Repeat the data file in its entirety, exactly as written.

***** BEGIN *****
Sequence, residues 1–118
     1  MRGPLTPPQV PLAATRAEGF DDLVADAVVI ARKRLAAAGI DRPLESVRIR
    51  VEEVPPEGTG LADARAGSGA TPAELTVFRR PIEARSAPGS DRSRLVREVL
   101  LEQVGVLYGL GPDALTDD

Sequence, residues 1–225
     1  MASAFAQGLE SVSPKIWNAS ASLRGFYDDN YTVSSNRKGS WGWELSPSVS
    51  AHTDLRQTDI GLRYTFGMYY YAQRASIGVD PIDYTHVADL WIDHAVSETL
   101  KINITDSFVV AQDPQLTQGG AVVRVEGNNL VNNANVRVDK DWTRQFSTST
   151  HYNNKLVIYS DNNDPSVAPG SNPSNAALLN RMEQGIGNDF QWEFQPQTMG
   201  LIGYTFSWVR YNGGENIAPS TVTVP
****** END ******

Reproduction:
Sequence, residues 1–118
     1  MRGPLTPPQV PLAATRAEGF DDLVADAVVI ARKRLAAAGI DRPLESVRIR
    51  VEEVPPEGTG LADARAGSGA TPAELTVFRR PIEARSAPGS DRSRLVREVL
   101  LEQVGVLYGL GPDALTDD

Sequence, residues 1–225
     1  MASAFAQGLE SVSPKIWNAS ASLRGFYDDN YTVSSNRKGS WGWELSPSVS
    51  AHTDLRQTDI GLRYTFGMYY YAQRASIGVD PIDYTHVADL WIDHAVSETL
   101  KINITDSFVV AQDPQLTQGG AVVRVEGNNL VNNANVRVDK DWTRQFSTST
   151  HYNNKLVIYS DNNDPSVAPG SNPSNAALLN RMEQGIGNDF QWEFQPQTMG
   201  LIGYTFSWVR YNGGENIAPS TVTVP